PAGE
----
In the end, it all comes down to Darcy’s letter and his amended behavior in Derbyshire to remove the last of Elizabeth’s resentments and misconceptions of Darcy.  When she meets Caroline at Pemberley, Elizabeth is able to see and appreciate the difference in behavior between Darcy, Miss Darcy, and Caroline Bingley.

For those who are participating in this Jane Austen January, how is your reading going?  If reading for the first time, what do you think of it?  If this is a re-read, has anything stuck out to you as surprising or new during this read?

Jane Austen January – Sense and Sensibility

Oh, Sense and Sensibility

Best synopsis ever.

There are a lot of things that I enjoy about Sense and Sensibility, and an equal number that I find troubling or downright irritating, but it is still my fourth favorite Austen novel and still ranks quite high on my list of all the books I’ve ever read.  As with most of Austen’s novels, my chief enjoyment is in the antics of the wide cast of secondary characters and in Austen’s witty, if harsh, take on those antics.  Who could not love the delightfully awful Mrs. Ferrars, Robert Ferrars (toothpick cases are important, after all), and John and Fanny Dashwood?  And what about Mr. and Mrs. Palmer?  I challenge any one to resist their charms.

Regarding the things I find troubling, most of them revolve around Elinor and Marianne.  Elinor seems to be the chief heroine of the piece, even though nobody much likes her, especially when she is in one of her disapproving moods.  Unlike Marianne, whose happy ending is sort of a throwaway and is actually Col. Brandon’s happy ending, after all (pun totally intended), Elinor achieves the full arc of her story.  My difficulty is that Elinor doesn’t go on any kind of internal journey throughout the story, so while I’m always happy that she gets her Edward (who doesn’t change much, either), it isn’t as satisfying as when Lizzy gets her Darcy, or Catherine her Henry, or Anne her Wentworth.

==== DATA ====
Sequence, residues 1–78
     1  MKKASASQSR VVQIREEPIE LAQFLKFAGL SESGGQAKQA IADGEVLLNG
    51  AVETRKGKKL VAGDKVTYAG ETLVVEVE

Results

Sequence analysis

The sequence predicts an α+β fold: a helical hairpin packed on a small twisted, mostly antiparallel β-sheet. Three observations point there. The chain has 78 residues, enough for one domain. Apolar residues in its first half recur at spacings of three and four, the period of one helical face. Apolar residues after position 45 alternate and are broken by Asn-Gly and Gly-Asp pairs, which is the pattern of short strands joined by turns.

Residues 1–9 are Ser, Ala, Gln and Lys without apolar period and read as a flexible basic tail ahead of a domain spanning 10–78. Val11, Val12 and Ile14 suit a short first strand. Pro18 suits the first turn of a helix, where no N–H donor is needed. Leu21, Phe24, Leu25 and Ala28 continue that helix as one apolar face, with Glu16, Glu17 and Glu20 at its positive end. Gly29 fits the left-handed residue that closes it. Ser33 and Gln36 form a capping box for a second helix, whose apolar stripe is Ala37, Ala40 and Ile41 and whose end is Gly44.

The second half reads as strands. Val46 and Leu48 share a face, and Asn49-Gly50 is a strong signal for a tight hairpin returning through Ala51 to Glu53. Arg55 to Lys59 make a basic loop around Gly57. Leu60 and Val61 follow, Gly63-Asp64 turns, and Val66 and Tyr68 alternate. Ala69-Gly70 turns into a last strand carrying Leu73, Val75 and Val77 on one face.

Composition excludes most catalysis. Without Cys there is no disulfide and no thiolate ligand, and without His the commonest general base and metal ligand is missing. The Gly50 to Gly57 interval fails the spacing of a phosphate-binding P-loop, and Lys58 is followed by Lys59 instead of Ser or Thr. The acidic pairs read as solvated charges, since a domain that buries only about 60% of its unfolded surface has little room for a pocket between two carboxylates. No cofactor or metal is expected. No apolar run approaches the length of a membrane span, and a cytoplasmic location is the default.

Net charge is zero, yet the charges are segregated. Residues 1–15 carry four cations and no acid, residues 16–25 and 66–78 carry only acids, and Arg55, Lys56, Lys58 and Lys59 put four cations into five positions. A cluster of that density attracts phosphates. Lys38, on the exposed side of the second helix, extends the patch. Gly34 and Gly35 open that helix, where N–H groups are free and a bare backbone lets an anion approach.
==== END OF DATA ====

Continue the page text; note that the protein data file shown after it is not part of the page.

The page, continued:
Can anyone really relate to Elinor as a character?  I certainly can’t, not because she’s so emotionally constipated (I am, too), but because she always behaves with the utmost propriety.  While I can comprehend showing a brave face and drawing as little attention as possible to one’s distress, I can’t imagine enduring all that Elinor does without at least a few episodes of histrionics or angry jazz hands.  Elinor’s adherence to strict propriety perhaps should, in being the exact opposite of her sister’s and mother’s wild expression of sensibility, be considered just as immoderate and intemperate as their behavior is.  But that’s not the case in this book.  Instead of Elinor being able to learn anything throughout the course of the story (instead of her story being able to have some point or purpose), she is instead depicted as the model for proper lady behavior.

“I am not wishing him too much good,” said Marianne at last with a sigh, “when I wish his secret reflections may be no more unpleasant than my own.  He will suffer enough in them.”

“Do you compare your conduct with his?”

“No.  I compare it with what it ought to have been; I compare it with yours.”

Elinor learns no lessons (rather like Fanny Price in Mansfield Park, come to think of it), and Sense and Sensibility is less interesting a book as a result.  I am not suggesting that her behavior is not model, but it does seem to me that a character who behaves perfectly on every occasion can have little claim to being realistically portrayed.  Further, if a character behaves so well all the time that no reader can identify with her, how can the reader be more than passively interested in her story?  I would like Sense and Sensibility much more if Edward and Elinor’s story received the treatment that Col. Brandon and Marianne’s does in the book and if the latter couple got more page time to show how their understanding came about.  Theirs is the more interesting story, right?

Given I mentioned that there were things I find irritating about the book, I should, at least, mention them.

  1. Why does Margaret exist as a character?  As far as I can tell, she serves no purpose at all.
  2. Elinor recognizes that Marianne is Mrs. Dashwood’s favorite daughter by rather a large margin, but she accepts this parental failing with all the philosophy of a totally disinterested party–except she isn’t one.  Of all Elinor’s unlikely traits, this one strikes me as being the least realistic.  Who wouldn’t be hurt or angered to be so slighted by one’s parent?  But Elinor in all her perfection accepts what love comes her way and feels justified in the righteousness of expecting no more.  Ugh!

For those who are participating in this Jane Austen January (and for those who aren’t–and here’s a shout-out to the lurkers: HOLLA!), I’d love to know what you think of Sense and Sensibility.  Theories as to why Margaret exists are also very welcome.